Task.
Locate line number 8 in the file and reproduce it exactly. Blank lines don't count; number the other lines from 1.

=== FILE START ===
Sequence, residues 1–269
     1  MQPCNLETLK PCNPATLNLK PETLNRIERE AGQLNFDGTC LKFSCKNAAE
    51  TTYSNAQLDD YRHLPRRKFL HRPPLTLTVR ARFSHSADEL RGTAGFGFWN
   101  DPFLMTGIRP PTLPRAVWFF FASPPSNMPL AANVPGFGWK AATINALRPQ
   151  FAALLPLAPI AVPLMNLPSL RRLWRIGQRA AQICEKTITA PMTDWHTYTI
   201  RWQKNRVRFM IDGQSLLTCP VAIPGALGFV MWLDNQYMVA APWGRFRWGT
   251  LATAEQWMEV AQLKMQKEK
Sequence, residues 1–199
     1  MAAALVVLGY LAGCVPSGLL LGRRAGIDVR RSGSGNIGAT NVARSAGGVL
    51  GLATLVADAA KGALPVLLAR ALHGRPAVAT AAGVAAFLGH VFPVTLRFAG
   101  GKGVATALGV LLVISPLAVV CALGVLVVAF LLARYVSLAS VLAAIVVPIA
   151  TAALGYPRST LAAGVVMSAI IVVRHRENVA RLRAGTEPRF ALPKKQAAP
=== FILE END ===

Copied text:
Sequence, residues 1–199